I grew up in a duplex. Our four-person family occupied one side of a 1,392-square-foot, pre-World War II bungalow purchased in 1964 in Columbia, Tennessee, for about $8,000 â€” which in today’s dollars is $64,000, about the cost of a high-end kitchen remodel on HGTV.
Our side of the house was probably 800 square feet, which meant that privacy was out of the question. If someone was clipping their nails at one end of the house, you could hear the snips at the other end. This is not conducive to good mental health.
Meanwhile, both my grandmothers occupied the other side of the house at different times. In between, there were renters. I used to judge them based on how hard I had to scrub the bathtub in the “apartment” with Brillo pads when they moved out â€” the renters, not the grandmothers.
My bedroom was near the back of our side of the duplex, with only a flimsy wooden door separating my bed from the tenants. I grew up going to sleep to the rise and fall of their muffled conversations. Once in a while, the sentences would filter through clearly, but out of context. I’d hear a tenant say . “Dang it, Jimmy!” and have no idea what Jimmy had done wrong.
This drove me crazy. I think this is why I became a reporter â€” to find out what Jimmy did. If anybody knows, please call our news tip line.
Zillow estimates the house is now worth about $105,000, which I find dubious since it sold out of foreclosure for $66,000 only a couple of years ago. (Zillow, I’ve decided, would make an excellent name for an anti-anxiety drug or a stuffed zebra from Build-A-Bear.)
The point is that, growing up, we lived in close quarters with one small bathroom about the size of a phone booth. The washer and clothes dryer were in the kitchen, where they doubled as countertops for the Crock Pot and stand mixer and Mom’s recipe box, which could have been labeled “Cooking With Bacon Drippings and Campbell’s Mushroom Soup.”
For most of my life, the house was paid for, which was a comfort to my parents. My father, who had grown up in the Depression, was disabled, so money was always tight. My mother was a frugal banker. Not having a mortgage enabled them to negotiate financial hardships and keep tough cuts of meat in the Crock Pot.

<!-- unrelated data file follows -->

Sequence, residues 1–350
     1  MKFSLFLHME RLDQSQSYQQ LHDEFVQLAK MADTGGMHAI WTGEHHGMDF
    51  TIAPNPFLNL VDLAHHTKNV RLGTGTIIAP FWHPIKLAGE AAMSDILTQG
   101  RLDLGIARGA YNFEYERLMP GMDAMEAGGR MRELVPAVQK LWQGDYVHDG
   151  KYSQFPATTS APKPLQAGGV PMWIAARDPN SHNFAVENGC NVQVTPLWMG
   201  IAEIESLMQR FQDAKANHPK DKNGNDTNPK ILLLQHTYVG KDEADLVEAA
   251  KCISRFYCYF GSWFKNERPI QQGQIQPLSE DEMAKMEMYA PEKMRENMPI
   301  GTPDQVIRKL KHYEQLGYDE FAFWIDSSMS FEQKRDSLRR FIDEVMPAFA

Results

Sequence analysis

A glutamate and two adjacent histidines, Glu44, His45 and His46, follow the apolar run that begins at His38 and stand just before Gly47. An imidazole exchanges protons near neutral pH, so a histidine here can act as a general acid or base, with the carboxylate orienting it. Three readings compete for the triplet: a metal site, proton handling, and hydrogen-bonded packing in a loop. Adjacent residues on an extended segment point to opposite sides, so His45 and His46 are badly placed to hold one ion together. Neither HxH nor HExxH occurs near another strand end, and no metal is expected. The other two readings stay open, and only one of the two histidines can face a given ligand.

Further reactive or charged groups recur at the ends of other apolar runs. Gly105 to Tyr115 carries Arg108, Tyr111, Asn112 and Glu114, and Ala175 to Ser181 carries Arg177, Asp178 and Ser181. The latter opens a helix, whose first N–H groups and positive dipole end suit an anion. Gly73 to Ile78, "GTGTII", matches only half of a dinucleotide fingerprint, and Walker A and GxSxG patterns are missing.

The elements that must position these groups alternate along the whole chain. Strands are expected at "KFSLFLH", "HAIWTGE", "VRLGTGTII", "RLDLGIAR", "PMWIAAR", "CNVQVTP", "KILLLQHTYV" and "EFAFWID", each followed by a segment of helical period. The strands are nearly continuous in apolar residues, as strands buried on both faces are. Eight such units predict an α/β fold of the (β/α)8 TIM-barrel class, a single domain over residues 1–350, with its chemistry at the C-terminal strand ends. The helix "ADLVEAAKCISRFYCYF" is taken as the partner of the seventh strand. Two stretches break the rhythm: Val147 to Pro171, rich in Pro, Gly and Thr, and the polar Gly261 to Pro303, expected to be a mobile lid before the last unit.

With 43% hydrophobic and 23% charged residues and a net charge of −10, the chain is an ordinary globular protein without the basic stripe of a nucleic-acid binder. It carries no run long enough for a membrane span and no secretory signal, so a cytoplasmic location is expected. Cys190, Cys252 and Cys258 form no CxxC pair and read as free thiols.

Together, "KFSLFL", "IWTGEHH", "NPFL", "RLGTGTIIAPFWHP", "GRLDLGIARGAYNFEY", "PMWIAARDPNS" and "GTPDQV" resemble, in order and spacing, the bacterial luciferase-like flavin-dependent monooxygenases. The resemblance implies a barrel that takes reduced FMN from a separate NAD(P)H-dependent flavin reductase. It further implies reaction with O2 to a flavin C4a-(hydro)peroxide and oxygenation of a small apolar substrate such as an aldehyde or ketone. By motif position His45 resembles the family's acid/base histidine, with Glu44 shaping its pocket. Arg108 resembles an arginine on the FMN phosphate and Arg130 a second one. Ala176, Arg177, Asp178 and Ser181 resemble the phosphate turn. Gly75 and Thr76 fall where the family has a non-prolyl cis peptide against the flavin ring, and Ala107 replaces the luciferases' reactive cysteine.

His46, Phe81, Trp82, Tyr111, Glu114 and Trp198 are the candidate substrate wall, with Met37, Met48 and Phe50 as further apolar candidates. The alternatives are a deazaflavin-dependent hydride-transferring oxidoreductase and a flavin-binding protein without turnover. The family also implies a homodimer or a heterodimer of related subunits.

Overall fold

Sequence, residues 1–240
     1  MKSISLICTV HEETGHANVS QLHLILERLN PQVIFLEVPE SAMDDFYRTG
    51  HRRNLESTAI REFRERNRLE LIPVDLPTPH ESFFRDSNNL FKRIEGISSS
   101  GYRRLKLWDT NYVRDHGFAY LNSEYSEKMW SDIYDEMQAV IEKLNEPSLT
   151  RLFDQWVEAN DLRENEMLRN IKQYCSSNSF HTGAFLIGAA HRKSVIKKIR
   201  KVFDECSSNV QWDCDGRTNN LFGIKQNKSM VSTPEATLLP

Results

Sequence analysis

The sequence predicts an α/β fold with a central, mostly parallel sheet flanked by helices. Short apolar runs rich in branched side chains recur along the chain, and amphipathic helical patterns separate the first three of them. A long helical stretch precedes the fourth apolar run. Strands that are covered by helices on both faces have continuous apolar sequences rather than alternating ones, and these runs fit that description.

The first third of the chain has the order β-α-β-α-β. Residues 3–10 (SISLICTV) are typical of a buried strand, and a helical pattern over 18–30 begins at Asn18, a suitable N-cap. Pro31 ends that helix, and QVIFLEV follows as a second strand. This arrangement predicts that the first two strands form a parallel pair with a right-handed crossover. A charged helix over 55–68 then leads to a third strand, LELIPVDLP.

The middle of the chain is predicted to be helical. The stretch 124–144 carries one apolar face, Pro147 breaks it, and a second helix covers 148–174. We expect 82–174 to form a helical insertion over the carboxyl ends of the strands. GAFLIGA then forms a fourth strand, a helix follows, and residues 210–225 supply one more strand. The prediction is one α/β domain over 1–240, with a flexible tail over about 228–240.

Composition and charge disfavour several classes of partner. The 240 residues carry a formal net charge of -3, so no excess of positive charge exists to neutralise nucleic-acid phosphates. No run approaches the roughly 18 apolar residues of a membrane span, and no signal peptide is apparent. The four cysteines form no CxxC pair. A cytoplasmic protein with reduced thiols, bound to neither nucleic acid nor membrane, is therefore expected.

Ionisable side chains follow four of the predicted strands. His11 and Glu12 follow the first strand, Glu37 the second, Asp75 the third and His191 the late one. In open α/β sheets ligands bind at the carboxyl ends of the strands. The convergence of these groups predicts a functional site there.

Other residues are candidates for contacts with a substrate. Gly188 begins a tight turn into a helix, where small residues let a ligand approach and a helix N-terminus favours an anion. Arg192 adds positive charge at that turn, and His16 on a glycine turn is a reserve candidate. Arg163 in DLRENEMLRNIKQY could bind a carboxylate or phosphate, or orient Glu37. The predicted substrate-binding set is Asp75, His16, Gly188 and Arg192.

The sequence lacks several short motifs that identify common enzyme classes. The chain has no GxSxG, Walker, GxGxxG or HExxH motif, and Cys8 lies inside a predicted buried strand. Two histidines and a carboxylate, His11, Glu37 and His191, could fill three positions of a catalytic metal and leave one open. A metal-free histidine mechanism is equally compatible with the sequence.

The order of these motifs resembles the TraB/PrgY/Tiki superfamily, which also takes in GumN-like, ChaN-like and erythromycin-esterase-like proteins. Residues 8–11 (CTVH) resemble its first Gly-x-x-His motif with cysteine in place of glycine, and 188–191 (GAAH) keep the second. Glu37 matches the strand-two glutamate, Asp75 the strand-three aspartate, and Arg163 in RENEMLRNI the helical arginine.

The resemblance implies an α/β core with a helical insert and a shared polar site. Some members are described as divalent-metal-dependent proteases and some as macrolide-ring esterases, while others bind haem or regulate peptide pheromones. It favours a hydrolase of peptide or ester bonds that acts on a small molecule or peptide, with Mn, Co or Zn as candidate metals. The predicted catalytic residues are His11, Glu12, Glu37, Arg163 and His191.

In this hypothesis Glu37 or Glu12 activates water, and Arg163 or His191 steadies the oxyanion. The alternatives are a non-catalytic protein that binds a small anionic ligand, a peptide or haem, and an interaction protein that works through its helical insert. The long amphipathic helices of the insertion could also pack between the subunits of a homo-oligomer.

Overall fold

All this is to say I’ve always been fascinated by people who live in mansions. I suppose the wealthy have their reasons for building them â€” we used to call it “conspicuous consumption.” It’s long been my theory that some wealthy people crave notoriety, a form of social currency, and houses are one way to project success. Or maybe they discovered fossil fuels with a shotgun like Jed Clampett.
By virtue of my job as a reporter, I’ve been in hundreds of houses during my 38-year career, and I’m always bewildered by people who buy big houses that look like they were furnished by Goodwill. These are the same people, I’ve noticed, who drive Lexus automobiles with treadless tires.
A couple of weeks ago, I rented a 2012 documentary called “The Queen of Versailles,” about one couple’s attempt to build a 90,000-square-foot house in Orlando, Florida, modeled after the Palace of Versailles, where France’s kings once lived. The builders are David and Jackie Siegel, who set out to construct one of the largest single-family houses in America.
David Siegel made his millions as the owner of Westgate Resorts, a business that sells time shares to vacation properties across America. The documentary was shot during the Great Recession as Siegel’s business began to wane, delaying construction of his Orlando mansion. Things got so bad that at one point Siegel began chastising his family for wasting energy at their current home by leaving the front door open and too many lights on.
I have since read that Siegel’s business has rebounded and the house â€” which some have valued at over $100 million â€” is on track to be completed in coming months. I’m assuming the power bill is no longer an issue.
The house is said to have 10 kitchens and a closet that’s 5,000 square feet, or about twice the size of our current house.
I hope the Siegels enjoy their big house. I really do. But I don’t need 10 kitchens. If we had 10 kitchens in our house, I’d weigh 300 pounds.
And I’d convert that 5,000-square-foot closet into a five-lane bowling alley.
Let Zillow try to grind out a comp for that.
Contact Mark Kennedy at email@example.com or 423-757-6645.